Our clinical negligence specialist Richard Blair negotiated the settlement of a complex clinical negligence claim for a client living in Devon. The client recovered very substantial damages. He wishes to preserve his privacy. So his name has been changed to “John” to ensure anonymity.
The facts of the case were complex. It is concerned with events which took place – chiefly – at a district general Hospital in Devon.
John suffered a stroke on the 31st January. Everyone agreed that this event was unavoidable and was not the fault of his treating doctors. It could not have been foreseen.
He suffered a second stroke on the 2nd February. Our case was that the second stroke was wholly avoidable and had very severe consequences for John. It would have been avoided had John received an acceptable standard of medical care. Sadly he did not. He should in particular have been treated with aspirin.
John’s doctors thought initially – quite wrongly as events proved – that instead of a stroke, John was suffering a psychiatric crisis. They treated him accordingly. This did not help him at all. It made things worse.
Later, the true nature of John’s condition became apparent and he was treated appropriately but by that time the damage had been done.
Prior to these events John had been in full time work. He carried out DIY and similar tasks at home. He was a married man with adult children.
Following these events, John could not continue to work. He had no earned income and his wife became the sole breadwinner for the family. There were problems with his sight and his behaviour. His ability to carry out even relatively simply day to day tasks was very limited. The damage could not be reversed.
John and his wife got in touch with us, instructing us to investigate and pursue a complaint and a clinical negligence claim. Richard Blair, a partner with the firm and a Member of the Law Society’s Clinical Negligence Panel, acted for John throughout the case.
Richard assembled a team of experts including a stroke physician, a neuropsychologist, a psychiatrist and a care expert. All provided supportive medical evidence throughout the case.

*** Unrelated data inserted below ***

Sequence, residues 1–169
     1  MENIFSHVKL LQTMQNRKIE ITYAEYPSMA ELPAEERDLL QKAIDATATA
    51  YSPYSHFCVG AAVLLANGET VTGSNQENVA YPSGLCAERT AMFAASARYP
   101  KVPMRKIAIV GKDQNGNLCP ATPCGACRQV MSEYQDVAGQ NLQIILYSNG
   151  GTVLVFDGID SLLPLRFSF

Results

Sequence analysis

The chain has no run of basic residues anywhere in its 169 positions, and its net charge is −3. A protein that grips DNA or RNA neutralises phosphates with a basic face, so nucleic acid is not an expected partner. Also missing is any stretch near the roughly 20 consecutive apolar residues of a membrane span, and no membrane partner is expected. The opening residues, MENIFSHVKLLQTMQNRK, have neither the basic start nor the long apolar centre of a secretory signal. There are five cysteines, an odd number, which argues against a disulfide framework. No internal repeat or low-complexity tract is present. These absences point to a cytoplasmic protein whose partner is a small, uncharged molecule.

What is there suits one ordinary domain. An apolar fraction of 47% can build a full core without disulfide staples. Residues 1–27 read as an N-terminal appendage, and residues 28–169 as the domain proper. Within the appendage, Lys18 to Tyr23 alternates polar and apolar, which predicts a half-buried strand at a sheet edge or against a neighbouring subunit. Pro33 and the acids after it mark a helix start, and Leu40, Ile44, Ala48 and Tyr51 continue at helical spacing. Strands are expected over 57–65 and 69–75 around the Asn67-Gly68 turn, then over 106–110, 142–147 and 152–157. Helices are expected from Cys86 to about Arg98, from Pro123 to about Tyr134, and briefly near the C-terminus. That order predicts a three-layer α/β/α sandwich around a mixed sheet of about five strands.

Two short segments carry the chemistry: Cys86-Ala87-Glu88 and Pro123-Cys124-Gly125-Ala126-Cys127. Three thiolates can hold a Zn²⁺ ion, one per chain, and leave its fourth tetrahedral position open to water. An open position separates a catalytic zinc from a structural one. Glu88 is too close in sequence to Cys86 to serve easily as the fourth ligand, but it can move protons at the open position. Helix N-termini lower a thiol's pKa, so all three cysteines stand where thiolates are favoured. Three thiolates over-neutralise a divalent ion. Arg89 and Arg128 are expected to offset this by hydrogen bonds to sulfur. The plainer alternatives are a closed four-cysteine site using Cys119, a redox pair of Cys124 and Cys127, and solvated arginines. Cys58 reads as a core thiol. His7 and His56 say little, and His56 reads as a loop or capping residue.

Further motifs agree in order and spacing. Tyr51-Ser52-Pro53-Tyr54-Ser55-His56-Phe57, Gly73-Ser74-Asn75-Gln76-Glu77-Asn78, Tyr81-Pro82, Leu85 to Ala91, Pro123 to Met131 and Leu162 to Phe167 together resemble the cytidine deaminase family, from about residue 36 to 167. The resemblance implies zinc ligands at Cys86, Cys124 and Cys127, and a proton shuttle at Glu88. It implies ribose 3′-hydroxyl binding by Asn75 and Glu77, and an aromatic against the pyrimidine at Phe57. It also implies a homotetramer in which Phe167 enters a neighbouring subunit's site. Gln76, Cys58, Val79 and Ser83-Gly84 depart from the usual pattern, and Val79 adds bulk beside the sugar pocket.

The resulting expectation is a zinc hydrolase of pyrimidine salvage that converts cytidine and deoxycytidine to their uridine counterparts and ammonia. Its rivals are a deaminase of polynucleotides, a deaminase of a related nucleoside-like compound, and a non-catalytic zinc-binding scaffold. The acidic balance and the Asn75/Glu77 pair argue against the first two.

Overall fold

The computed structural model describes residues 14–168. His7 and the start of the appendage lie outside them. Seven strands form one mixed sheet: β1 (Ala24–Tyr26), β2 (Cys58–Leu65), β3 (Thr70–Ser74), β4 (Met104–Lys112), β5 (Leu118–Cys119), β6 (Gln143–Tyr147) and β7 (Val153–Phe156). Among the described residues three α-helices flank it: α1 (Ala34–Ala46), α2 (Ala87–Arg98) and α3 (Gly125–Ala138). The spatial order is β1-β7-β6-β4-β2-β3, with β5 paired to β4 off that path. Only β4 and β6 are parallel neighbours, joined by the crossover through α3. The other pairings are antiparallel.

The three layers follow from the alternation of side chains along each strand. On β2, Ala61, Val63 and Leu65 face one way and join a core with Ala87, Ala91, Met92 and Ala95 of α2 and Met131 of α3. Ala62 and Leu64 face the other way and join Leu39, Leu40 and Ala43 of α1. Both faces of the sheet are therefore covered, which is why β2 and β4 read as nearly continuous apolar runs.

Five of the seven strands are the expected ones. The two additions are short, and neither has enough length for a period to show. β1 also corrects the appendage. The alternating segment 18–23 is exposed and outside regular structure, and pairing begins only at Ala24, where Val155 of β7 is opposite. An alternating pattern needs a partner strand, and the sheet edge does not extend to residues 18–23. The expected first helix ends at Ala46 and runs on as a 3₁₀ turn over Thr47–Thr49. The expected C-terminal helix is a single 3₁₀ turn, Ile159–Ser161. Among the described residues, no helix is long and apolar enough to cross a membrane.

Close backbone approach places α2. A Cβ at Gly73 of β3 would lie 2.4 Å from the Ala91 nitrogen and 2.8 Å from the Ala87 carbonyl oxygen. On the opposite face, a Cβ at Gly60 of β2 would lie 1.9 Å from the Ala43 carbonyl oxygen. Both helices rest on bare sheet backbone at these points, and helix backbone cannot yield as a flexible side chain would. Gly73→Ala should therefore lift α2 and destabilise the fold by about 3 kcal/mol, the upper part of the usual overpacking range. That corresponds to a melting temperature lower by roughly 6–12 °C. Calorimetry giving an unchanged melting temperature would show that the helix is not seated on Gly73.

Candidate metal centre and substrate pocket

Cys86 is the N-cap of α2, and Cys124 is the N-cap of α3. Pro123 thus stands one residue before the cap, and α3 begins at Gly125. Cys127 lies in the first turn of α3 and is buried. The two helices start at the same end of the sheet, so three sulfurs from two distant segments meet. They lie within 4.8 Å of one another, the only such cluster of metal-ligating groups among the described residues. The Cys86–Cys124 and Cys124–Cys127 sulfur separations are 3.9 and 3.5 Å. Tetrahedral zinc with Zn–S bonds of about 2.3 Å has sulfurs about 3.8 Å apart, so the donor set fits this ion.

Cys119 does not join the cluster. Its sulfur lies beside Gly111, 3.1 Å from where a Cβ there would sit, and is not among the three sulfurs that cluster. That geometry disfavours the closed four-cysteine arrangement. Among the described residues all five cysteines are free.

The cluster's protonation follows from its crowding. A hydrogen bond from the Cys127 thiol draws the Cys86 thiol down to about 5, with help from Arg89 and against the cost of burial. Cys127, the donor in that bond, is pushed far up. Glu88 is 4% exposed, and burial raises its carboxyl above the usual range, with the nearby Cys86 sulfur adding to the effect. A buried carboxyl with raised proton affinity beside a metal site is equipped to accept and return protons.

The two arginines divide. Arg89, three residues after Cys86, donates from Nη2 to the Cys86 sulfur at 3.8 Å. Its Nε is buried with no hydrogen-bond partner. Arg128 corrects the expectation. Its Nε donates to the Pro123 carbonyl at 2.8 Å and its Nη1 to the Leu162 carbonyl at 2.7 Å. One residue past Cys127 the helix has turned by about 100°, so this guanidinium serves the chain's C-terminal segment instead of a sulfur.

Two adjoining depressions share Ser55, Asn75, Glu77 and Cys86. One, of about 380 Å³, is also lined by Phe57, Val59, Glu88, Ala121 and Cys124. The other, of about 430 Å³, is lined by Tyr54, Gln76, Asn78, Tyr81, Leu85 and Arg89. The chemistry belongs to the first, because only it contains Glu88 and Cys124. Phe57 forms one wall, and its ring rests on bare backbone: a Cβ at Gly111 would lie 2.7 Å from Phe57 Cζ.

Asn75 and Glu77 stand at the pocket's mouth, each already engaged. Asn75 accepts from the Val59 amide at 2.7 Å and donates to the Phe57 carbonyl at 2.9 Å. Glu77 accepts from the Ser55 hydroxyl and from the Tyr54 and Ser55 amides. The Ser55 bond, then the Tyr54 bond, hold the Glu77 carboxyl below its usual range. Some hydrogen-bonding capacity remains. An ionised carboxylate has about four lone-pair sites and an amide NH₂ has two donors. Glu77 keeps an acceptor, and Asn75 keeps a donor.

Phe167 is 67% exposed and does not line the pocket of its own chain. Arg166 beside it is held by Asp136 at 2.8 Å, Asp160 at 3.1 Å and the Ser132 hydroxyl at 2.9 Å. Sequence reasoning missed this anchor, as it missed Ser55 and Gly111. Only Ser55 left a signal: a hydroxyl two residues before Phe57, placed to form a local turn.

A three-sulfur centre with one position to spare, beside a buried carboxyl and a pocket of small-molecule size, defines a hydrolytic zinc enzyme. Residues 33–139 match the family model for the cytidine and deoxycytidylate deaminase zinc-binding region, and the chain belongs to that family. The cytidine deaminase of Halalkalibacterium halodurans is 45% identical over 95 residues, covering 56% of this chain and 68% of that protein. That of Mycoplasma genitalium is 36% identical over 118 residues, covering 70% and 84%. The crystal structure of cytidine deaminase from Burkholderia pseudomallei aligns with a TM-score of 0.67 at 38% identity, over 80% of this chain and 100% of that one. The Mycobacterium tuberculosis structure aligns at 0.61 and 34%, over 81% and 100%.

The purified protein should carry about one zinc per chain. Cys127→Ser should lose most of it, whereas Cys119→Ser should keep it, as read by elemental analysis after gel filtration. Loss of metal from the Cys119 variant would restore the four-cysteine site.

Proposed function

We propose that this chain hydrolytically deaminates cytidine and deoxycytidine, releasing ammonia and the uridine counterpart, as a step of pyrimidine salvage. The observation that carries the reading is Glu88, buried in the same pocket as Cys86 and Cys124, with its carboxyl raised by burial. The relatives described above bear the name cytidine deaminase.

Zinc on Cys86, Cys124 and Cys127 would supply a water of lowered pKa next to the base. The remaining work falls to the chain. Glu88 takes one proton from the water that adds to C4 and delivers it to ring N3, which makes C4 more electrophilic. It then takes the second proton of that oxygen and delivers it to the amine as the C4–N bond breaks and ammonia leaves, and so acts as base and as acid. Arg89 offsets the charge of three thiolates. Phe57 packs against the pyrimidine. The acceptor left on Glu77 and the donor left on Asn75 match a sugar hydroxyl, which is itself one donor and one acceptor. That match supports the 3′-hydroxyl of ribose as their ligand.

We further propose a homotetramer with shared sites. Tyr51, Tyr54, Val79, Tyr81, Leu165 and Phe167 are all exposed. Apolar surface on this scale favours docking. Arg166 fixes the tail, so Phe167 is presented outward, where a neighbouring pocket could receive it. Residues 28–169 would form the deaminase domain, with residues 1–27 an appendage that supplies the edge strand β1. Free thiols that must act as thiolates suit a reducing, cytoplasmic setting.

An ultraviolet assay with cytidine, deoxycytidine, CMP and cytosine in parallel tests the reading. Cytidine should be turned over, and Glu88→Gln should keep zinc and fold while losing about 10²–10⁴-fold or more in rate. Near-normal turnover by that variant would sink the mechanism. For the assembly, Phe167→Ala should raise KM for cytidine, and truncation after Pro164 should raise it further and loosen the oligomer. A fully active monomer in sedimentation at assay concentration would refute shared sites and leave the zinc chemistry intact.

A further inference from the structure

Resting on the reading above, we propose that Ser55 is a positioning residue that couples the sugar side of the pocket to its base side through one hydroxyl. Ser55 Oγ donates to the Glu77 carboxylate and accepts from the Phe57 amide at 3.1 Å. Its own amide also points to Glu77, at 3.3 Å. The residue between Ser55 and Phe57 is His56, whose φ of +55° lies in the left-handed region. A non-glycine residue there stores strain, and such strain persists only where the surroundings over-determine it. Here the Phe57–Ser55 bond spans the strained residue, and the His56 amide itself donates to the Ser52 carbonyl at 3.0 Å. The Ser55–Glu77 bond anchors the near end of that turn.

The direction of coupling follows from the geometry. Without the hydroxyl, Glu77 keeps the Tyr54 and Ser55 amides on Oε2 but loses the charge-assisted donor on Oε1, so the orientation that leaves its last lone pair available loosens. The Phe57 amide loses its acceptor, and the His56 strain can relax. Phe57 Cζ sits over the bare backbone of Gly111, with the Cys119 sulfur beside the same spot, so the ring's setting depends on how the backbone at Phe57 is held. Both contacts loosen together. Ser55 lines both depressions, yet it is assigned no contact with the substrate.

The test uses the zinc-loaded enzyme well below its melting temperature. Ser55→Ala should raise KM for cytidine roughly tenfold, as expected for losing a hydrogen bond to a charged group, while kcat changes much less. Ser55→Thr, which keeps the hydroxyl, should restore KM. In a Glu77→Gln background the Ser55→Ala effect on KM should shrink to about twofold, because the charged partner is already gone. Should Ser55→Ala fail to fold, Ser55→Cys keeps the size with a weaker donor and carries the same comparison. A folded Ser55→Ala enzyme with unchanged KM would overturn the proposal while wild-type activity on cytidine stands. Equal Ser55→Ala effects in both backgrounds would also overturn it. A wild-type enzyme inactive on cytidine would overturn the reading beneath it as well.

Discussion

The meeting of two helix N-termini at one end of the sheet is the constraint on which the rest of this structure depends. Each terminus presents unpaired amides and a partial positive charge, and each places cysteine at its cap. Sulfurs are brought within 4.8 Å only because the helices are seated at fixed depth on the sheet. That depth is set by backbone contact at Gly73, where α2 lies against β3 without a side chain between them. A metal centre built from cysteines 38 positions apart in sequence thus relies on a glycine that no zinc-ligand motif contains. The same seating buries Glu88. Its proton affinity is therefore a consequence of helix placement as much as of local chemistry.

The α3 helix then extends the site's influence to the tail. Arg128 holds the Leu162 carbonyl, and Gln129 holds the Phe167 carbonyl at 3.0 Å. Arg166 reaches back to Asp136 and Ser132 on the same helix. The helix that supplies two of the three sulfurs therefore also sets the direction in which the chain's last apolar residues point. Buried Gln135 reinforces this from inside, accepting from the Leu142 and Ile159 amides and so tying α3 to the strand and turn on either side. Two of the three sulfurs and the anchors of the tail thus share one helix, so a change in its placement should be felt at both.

To help John cope with the claim, Richard made an application to the Court for John’s wife to be appointed to act as his Litigation Friend. John had capacity but it was clear that the claim was going to exert great pressure on him. He did not need that on top of his other problems. John’s wife was duly appointed and helped John give instructions to Richard and act on his advice.
In addition to damages in relation to his injuries, John made claims in relation to loss of earnings and loss of pension entitlement. There were claims for the cost of care provided by his wife. We also looked at a possible private care regime. There was a claim for the cost of ergonomic aids and equipment he was expected to need.
Court proceedings were issued. The case advanced a long way towards a Trial. The Hospital Trust asked us to take part in a mediation appointment. On John’s behalf, we agreed.
A mediator is not a Judge. He or she does not make a decision in a case. He or she does not pressurise the parties to settle but often helps them to reach an agreement. In this case it worked. At the end of the mediation appointment John accepted compensation of £532,500 plus costs.
Richard explains “The injuries John suffered are very serious but its important to remember that he is not the only one to be affected. His wife has been seriously affected as well and John was fortunate that she supported him and helped bring his claim to a successful conclusion. Compensation cannot turn back the clock or make John better but it will make many aspects of his life more manageable and take away the financial worry created by his circumstances”.